Brock takes lead vocals on We Took The Wrong Turn Years Ago, from 1971’s In Search Of Space, and it’s a joy to hear the Hawkwind main man singing again; something he will do more of on the forthcoming tour with Mr Dibs having recently departed the band. Another departure since Road To Utopia was recorded of course is bassist Haz Wheaton, who has taken up position in Electric Wizard. The acoustic approach to Psychic Power lacks the gravitas of the 1978 original and Calvert’s vocal genius but it’s still a decent version, even with the school brass band feel. Batt’s influence is recognisable throughout, and at times I’m not convinced that the songs are enhanced by his approach.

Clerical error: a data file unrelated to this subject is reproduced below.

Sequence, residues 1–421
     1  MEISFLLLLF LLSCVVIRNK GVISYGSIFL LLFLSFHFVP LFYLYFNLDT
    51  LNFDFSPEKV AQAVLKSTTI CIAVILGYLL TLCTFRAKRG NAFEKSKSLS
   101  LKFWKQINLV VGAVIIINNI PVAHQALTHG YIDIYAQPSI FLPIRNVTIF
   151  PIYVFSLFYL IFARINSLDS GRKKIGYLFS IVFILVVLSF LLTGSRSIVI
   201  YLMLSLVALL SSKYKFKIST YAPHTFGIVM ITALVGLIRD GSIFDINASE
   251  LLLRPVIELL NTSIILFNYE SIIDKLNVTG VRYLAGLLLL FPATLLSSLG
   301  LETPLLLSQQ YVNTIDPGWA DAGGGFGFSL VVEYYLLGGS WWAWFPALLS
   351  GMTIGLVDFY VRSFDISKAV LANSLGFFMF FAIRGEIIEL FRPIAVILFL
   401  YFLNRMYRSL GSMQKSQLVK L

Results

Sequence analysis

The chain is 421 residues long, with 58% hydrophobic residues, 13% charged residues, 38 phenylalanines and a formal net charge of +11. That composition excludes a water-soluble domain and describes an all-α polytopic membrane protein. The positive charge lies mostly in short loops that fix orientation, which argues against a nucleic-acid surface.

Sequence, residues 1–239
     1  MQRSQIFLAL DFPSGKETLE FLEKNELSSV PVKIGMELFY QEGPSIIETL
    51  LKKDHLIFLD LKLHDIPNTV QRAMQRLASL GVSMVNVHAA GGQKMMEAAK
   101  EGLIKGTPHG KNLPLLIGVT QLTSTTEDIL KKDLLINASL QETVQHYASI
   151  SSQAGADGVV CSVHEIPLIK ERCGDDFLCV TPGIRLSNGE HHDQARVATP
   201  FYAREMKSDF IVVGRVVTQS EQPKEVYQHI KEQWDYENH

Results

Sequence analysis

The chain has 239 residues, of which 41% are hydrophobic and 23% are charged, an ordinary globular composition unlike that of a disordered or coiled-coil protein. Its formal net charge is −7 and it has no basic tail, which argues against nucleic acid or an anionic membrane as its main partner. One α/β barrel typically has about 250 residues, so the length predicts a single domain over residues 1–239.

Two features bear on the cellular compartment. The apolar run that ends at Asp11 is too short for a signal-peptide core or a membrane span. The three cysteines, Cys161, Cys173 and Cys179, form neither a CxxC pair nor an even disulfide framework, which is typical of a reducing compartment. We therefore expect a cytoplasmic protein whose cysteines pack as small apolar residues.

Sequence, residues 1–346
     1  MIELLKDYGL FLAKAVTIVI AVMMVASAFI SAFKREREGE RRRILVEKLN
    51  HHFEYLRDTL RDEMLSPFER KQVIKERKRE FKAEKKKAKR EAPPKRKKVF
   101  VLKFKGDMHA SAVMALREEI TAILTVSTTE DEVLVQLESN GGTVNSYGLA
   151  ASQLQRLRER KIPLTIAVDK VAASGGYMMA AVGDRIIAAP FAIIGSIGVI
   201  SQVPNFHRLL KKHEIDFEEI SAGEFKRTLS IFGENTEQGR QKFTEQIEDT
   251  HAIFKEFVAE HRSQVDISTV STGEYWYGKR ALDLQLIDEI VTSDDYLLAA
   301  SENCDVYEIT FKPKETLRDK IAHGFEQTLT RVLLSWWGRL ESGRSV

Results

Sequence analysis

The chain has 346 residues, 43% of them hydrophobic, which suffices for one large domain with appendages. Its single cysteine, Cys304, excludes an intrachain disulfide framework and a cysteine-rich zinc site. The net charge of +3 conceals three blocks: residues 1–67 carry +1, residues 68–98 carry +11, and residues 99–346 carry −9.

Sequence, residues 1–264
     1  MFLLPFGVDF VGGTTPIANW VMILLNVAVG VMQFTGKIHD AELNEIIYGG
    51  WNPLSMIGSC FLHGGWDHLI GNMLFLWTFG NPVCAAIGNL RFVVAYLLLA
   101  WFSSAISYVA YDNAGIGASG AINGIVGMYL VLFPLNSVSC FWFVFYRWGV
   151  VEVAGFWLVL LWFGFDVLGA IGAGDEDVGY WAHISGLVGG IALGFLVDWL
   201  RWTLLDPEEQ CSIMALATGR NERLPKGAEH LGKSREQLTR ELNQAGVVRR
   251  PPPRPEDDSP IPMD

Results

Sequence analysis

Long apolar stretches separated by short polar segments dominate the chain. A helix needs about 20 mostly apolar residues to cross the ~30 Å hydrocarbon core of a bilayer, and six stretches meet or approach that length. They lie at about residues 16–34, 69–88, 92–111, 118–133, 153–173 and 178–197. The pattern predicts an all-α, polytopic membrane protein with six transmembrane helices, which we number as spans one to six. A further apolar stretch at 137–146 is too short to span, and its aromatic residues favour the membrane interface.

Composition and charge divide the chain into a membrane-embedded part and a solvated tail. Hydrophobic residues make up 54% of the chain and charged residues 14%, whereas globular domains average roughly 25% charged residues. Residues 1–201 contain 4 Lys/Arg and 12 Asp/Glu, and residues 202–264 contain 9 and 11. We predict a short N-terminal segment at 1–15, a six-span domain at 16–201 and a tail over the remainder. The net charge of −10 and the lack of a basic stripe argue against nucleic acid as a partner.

The drawn-out string section on The Age Of The Micro Man along with an overblown saxophone adds an additional two minutes to the original with little benefit and the less said about the album cover the better from a band who once captivated me with their artwork (Sonic Attack, Chronicles Of The Black Sword etc.) I love Hawkwind and have tickets to two of their forthcoming dates. This isn’t a bad release, and at times it soars high. It just could have been better. 7/10

Nashville Pussy: Pleased To Eat You (EarMusic)